We killed Rajiv, confesses LTTE
Wednesday, June 28, 2006 12:44:17 .
NEW DELHI: Fifteen years after a LTTE suicide bomber killed Rajiv Gandhi in Sriperumbudur, the Tamil rebel outfit on Tuesday admitted its responsibility for the crime and delivered a public apology.
In an interview to a TV network on Tuesday, Anton Balasingham, LTTE ideologue and one of Tiger chief Velupillai Prabhakaran's confidants, executed a major shift of policy, describing the May 21, 1991, killing of Rajiv Gandhi as "a monumental historical tragedy".
"As far as that event is concerned...I would say it is a great tragedy... a monumental historical tragedy... which we deeply regret, and we call upon the government of India and people of India to be magnanimous to put the past behind... and to approach the ethnic question in a different perspective," Balasingham said.
Asked if the LTTE could promise that it would not commit such acts again, Balasingham added: "We have made pledges to the government of India that under no circumstance will we act against the interests of the government of India."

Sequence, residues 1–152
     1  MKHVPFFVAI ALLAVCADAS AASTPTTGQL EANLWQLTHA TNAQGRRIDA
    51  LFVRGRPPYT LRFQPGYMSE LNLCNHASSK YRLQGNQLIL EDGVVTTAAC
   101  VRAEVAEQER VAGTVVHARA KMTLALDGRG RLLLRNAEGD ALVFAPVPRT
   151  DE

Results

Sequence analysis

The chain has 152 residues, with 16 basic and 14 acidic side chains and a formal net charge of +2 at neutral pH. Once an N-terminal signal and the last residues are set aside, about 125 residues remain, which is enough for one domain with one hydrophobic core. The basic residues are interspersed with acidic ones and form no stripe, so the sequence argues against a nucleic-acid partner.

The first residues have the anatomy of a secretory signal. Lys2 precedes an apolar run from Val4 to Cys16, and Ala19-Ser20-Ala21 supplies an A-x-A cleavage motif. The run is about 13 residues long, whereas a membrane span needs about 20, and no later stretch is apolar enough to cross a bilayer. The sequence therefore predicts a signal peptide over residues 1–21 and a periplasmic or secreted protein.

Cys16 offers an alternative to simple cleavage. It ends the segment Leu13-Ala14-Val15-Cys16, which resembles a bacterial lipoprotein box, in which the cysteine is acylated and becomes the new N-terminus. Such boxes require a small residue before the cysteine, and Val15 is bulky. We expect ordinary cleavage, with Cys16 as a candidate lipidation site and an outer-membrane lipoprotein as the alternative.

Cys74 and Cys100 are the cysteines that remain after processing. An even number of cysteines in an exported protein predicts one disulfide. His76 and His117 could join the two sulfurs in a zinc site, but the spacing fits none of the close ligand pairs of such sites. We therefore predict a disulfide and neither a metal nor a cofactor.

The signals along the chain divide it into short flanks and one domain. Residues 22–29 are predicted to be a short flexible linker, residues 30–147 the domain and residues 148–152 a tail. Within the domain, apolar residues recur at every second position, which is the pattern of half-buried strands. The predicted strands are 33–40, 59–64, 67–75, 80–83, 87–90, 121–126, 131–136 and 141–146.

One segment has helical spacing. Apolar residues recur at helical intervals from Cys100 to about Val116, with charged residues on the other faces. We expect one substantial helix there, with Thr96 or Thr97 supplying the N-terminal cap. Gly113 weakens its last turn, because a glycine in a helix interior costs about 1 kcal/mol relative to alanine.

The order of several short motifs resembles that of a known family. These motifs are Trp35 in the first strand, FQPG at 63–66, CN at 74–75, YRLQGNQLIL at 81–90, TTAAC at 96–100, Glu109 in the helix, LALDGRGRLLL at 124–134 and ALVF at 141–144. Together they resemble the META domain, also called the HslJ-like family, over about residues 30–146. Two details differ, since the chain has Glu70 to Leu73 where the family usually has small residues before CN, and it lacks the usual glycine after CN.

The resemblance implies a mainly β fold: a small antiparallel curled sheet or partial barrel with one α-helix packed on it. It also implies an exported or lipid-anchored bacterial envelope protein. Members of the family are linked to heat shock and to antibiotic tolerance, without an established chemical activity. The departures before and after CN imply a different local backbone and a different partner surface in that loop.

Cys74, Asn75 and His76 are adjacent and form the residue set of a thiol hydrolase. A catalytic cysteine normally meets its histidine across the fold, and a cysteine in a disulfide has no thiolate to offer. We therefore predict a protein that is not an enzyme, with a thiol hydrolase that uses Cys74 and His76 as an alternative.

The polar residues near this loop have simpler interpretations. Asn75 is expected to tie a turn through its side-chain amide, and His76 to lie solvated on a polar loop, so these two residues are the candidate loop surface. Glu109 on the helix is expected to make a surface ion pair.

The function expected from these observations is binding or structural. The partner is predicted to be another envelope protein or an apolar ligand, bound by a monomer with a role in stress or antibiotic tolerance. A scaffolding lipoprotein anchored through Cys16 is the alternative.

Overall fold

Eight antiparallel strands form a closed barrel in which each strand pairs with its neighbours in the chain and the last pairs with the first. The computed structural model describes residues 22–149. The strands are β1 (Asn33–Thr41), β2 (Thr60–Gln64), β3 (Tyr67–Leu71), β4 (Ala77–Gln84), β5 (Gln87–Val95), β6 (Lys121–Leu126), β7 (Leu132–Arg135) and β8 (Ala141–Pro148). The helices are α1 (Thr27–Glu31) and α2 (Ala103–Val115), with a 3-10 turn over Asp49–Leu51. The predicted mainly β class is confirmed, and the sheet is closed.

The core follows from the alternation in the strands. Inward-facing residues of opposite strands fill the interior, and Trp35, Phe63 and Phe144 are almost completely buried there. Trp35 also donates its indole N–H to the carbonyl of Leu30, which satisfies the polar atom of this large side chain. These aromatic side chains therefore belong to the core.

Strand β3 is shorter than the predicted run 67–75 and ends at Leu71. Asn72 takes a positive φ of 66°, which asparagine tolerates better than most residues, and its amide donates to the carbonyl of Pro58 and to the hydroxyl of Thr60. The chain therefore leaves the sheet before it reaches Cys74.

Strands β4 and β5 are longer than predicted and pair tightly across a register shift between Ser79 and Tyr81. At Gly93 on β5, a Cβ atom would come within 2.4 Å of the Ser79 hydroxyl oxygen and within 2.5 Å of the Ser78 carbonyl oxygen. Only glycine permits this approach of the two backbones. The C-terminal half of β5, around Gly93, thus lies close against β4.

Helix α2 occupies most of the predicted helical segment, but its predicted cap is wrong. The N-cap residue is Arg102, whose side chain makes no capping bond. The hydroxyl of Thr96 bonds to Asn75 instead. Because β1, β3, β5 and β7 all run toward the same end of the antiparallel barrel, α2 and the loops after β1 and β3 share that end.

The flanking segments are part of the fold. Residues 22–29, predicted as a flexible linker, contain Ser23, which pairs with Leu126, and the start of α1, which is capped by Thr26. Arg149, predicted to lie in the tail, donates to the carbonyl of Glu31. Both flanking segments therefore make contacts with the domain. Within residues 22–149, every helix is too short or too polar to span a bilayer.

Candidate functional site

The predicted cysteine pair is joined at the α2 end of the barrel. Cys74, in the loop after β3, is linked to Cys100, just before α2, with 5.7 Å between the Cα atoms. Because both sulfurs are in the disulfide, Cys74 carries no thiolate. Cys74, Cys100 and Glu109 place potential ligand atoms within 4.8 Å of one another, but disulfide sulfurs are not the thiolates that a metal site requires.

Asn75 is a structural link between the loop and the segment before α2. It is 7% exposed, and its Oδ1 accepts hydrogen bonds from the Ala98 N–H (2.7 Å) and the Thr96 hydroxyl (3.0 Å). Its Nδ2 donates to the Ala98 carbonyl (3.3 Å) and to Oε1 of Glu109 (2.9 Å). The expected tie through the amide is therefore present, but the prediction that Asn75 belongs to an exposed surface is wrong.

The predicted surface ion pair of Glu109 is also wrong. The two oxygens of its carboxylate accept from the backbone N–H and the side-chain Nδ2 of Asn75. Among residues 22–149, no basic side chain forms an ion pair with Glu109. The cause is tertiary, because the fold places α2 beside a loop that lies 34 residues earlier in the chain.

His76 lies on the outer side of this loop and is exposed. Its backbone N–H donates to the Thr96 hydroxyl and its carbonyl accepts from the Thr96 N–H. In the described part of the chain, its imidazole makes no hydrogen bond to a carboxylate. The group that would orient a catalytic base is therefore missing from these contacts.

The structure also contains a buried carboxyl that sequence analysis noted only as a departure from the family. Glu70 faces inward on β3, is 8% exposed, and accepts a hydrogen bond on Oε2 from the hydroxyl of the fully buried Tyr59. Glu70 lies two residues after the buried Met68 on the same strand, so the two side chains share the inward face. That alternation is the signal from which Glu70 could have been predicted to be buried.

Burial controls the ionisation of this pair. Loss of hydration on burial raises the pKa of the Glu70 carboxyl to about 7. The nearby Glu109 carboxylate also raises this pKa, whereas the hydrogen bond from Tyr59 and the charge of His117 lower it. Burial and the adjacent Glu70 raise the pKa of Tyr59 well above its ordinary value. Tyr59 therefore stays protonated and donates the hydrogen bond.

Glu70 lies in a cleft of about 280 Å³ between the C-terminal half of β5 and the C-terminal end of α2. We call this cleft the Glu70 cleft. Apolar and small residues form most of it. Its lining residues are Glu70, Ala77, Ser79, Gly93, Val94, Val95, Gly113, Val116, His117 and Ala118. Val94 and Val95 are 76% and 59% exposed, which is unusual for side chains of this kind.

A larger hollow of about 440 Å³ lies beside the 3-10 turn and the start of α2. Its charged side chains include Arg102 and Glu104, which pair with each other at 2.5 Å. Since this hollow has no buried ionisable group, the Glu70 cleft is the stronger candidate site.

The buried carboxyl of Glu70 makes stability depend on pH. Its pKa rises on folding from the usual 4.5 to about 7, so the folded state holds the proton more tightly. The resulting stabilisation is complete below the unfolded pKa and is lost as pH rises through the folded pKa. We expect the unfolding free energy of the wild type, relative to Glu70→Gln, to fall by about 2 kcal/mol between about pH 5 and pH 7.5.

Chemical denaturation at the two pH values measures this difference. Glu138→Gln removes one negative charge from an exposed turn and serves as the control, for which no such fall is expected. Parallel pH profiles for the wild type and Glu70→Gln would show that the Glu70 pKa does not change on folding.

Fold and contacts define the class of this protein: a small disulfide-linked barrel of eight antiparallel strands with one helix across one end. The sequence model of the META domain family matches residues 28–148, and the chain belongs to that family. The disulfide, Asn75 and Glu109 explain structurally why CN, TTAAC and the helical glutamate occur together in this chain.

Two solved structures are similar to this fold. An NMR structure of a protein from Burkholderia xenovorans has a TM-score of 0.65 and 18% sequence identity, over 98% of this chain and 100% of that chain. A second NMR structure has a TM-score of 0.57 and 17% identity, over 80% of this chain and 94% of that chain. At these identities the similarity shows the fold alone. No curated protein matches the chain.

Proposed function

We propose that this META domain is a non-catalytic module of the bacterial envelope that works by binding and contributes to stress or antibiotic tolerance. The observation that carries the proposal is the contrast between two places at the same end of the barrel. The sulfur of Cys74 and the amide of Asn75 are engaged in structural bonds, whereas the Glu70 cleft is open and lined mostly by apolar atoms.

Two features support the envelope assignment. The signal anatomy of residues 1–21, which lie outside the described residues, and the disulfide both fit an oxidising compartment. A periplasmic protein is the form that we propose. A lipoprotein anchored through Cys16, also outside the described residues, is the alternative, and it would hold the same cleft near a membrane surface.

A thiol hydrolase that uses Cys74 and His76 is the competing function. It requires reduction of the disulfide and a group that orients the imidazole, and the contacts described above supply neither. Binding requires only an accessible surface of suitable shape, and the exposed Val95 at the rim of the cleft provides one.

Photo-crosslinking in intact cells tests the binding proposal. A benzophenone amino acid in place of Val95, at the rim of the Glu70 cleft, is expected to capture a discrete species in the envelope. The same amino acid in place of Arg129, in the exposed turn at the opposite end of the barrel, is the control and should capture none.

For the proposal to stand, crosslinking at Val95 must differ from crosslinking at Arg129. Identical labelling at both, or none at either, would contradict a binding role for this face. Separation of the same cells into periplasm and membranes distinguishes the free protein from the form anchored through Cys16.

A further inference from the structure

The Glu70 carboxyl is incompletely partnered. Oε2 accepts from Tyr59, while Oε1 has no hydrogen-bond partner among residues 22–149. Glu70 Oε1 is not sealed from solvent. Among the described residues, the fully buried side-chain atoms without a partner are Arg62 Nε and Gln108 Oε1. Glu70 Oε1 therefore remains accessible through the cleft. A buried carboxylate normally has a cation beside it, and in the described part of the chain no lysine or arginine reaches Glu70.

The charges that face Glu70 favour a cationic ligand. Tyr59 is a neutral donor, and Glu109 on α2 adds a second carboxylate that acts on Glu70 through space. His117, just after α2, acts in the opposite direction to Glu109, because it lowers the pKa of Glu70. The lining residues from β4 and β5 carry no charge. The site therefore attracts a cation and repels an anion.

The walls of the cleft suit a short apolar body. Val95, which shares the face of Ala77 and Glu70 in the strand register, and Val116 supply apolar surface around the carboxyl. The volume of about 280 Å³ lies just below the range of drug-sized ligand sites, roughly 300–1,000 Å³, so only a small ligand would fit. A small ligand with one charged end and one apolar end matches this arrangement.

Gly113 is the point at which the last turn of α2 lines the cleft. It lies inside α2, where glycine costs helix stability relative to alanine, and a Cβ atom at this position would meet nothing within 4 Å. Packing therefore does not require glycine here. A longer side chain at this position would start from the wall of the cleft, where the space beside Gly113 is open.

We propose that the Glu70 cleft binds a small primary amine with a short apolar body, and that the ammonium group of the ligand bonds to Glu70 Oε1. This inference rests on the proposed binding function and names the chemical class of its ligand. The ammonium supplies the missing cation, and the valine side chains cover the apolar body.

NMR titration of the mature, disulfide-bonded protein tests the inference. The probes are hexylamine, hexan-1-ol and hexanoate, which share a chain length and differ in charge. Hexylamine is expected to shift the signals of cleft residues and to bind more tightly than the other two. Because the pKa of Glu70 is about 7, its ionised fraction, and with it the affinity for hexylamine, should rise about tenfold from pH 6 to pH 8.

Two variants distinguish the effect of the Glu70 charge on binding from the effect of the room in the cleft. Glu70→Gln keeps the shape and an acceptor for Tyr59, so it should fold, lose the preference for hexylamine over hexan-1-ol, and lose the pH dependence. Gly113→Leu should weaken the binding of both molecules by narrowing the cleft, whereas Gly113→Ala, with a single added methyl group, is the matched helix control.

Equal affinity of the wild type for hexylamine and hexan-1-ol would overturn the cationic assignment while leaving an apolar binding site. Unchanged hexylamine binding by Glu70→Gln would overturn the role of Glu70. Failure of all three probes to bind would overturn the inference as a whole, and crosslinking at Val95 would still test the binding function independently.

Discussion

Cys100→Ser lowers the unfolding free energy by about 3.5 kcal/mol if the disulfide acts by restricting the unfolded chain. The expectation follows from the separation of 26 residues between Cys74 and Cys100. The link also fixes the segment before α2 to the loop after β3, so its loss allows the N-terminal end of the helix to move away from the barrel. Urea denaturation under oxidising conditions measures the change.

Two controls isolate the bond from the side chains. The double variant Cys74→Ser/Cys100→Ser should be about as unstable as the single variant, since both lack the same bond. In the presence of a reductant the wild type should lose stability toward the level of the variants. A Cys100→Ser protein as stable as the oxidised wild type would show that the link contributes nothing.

Thus far, the LTTE has denied that it was responsible for the killing of Rajiv Gandhi. Reacting to the LTTE admission, Congress general secretary Digvijay Singh said: "It's good that after so many years they (LTTE) have admitted to having killed Rajiv Gandhi.
For India, it was a national tragedy because Rajiv Gandhi was the most popular leader of his time. Now the question is of fixing responsibility for the crime."
In another interview, minister of state for external affairs Anand Sharma said it would be impossible to put the past behind, as Balasingham suggested, because India had "rule of law" and it could not be seen to be condoning the politics of violence by rehabilitating the LTTE.
The belated LTTE admission of guilt has less to do with genuine remorse than the compulsion to drive a wedge between India and Sri Lanka, say analysts who have followed the LTTE for years.
At this point, the Tigers' interest would lie in preventing the growing convergence between India and the Lankan government, particularly in the defence sector, which has ramped up Sri Lankan capability, especially against the LTTE.
Balasingham reminded everyone of the fact that India had initially trained the LTTE, asking it to return to a more active role.
The LTTE statement comes as the outfit finds itself with virtually no friends, especially after the European Union banned it last month.
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Published: Tue Jun 27 16:47:02 EDT 2006